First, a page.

Holin: Really? I know you have a company, can you sell things now?
Jovita: Yes, because I have a business license so I can now. But without the company license, you can't sell things personally. I think it’s good and it’s bad. But you know that has benefits for you guys. I think your country is doing a lot of things for you guys.
And no country in the world has developed infrastructure up to this scale in such a short period of time. A lot of people ask me why you live in China, why not Singapore? And I will ask them, “have you ever been to China?” You know, their perspective is still like, (Chinese) people are running around and planting, (but) no body is farming here anymore. And when they are, it is an advanced farm like, an organic farm. China is really coming in, and soon it will be the number one.
Holin: But you didn't know this till you were here, right? And in terms of your friends' question, why Shanghai and not Singapore?
Jovita: I was in Singapore. I definitely know that I want to live in Singapore, so Singapore is always my home. But I wanted to go outside and explore first. And when I finish exploring, then I will go back home.
I think Singapore is like a safe haven for me. But I think Shanghai is soon becoming the second home for me, so I don't know, maybe I'll stay here a lot longer.
An interesting thing is that every time I go out I always see a new building – the speed of development is amazing and sometimes you turn around like, "there is a new building!", then you turn around, "Oh my god, there is another new building!"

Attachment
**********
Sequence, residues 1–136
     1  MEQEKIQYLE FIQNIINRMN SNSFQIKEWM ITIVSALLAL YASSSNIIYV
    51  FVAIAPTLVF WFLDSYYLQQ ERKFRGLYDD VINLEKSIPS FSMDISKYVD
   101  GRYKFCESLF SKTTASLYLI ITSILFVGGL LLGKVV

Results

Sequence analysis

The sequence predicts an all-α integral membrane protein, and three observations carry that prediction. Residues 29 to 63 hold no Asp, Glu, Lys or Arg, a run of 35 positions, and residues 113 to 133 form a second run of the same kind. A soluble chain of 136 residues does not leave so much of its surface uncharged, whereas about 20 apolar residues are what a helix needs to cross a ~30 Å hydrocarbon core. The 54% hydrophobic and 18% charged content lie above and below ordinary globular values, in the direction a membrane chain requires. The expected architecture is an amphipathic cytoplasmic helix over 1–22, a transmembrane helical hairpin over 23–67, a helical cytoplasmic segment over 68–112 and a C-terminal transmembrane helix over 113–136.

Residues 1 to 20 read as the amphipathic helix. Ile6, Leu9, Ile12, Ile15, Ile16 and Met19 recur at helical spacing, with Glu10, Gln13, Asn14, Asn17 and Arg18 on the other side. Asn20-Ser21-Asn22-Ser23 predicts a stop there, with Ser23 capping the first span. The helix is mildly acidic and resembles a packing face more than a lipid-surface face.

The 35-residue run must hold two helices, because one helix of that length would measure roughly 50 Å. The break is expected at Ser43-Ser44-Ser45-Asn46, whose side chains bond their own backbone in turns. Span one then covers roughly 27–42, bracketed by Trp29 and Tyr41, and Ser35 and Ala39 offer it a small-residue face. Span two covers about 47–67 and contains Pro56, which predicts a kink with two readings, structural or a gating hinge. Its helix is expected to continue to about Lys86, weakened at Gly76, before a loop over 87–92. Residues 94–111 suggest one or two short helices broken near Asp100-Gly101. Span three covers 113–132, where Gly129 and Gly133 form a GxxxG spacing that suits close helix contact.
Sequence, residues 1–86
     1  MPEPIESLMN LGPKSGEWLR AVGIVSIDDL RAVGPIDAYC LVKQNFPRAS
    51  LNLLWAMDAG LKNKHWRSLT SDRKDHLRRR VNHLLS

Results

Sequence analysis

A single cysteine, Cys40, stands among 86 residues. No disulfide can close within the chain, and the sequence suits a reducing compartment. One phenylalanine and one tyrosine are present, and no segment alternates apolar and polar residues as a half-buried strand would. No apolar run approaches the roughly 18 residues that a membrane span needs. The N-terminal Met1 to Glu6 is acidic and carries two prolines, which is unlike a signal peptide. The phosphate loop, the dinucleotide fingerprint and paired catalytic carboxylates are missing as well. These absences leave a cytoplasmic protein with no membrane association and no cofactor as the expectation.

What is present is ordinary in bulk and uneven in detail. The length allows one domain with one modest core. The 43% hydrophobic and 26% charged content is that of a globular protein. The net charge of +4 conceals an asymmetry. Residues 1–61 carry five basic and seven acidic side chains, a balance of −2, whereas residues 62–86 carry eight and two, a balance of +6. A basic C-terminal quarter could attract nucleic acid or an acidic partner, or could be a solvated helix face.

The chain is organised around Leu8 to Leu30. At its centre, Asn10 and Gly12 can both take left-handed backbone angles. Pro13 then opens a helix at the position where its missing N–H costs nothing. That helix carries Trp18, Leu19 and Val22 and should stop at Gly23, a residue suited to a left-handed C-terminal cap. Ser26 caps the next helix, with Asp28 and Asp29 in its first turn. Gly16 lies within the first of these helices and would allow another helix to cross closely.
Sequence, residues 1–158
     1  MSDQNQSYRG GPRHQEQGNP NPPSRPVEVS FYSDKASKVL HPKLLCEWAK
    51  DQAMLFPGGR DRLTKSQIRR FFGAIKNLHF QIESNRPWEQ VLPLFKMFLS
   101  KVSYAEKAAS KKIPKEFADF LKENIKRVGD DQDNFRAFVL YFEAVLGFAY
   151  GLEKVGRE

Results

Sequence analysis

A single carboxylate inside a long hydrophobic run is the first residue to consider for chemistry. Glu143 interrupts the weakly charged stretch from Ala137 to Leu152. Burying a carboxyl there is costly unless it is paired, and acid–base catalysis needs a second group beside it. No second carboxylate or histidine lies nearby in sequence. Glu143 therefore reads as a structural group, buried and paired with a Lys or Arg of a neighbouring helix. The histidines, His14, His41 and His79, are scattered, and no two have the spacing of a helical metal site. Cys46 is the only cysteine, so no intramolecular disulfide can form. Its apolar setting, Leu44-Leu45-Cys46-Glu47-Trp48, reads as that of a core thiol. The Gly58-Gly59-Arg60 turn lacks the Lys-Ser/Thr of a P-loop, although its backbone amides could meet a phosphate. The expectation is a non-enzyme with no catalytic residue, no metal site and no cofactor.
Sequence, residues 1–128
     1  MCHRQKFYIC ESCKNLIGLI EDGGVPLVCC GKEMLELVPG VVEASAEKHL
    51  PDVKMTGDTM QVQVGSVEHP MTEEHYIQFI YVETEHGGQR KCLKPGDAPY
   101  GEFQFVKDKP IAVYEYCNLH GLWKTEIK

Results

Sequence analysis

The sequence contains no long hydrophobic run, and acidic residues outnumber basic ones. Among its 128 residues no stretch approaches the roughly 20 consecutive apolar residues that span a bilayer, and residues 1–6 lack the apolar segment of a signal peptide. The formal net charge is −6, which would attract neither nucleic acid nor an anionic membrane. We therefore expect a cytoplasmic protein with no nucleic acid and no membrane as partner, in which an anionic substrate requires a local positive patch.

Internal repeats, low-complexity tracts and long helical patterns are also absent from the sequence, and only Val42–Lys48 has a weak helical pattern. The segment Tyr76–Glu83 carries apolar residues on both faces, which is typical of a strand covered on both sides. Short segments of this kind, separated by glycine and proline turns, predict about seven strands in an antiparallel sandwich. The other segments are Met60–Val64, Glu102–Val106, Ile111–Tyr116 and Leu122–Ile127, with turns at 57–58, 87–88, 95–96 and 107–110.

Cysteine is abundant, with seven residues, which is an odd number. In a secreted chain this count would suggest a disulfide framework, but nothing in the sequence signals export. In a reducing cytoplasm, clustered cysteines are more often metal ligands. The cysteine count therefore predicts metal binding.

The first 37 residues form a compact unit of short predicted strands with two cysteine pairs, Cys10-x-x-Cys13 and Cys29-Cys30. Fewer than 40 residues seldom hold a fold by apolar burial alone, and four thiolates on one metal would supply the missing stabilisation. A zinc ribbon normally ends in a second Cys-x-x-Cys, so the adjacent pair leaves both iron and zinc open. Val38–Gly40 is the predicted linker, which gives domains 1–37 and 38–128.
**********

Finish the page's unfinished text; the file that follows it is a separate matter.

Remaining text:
Holin: You’ve been here for six years. Can you share with us the differences now compared with the first time you came to Shanghai?
Jovita: Very different. And it is more expensive. I love eating local food and street food. I love malatang (a Sichuanese dish with meat and vegetables boiled in spicy soup) and the barbecue on the street. I feel like when I first came here there was so many, but now it is different.
Holin: How do you spend your weekends in Shanghai?
Jovita: Now I have two kids…
Holin: Yes, I know it will be totally different with kids. You can give me two versions: before kids and now.
Jovita: Before kids, we hung out and went to coffee shops, restaurants. In Shanghai, there are so many new restaurants opening. We just like to try new things, so whenever anything new is open, we try it. That kept our weekends busy cause there were so many things open.
And now, after kids, the weekends are about kids’ activities and sometimes they have sports classes. My son goes for swimming practice on the weekends, and he plays soccer as well. He is five years old and he loves sports, so usually we bring him to the park and then we just play.
If the day is not so nice, if the pollution is not so good, or it is raining, I usually take him to an indoor playground and play there for a few hours, or take him to the cinema.
Now, a lot of weekends are based on the kids. It is whatever the kids do, we focus on the kids.
Holin: Which place in Shanghai do you like best, and why?